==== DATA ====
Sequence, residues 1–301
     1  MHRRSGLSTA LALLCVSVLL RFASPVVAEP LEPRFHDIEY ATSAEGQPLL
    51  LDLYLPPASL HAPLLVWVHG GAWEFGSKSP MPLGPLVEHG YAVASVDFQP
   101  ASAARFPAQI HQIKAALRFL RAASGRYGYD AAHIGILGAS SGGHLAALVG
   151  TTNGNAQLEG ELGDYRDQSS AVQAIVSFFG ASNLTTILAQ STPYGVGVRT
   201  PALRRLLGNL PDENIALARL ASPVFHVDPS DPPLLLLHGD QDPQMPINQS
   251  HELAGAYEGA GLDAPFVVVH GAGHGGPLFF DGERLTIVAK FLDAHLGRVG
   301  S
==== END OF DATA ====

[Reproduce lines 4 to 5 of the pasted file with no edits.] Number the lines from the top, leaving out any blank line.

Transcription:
   101  ASAARFPAQI HQIKAALRFL RAASGRYGYD AAHIGILGAS SGGHLAALVG
   151  TTNGNAQLEG ELGDYRDQSS AVQAIVSFFG ASNLTTILAQ STPYGVGVRT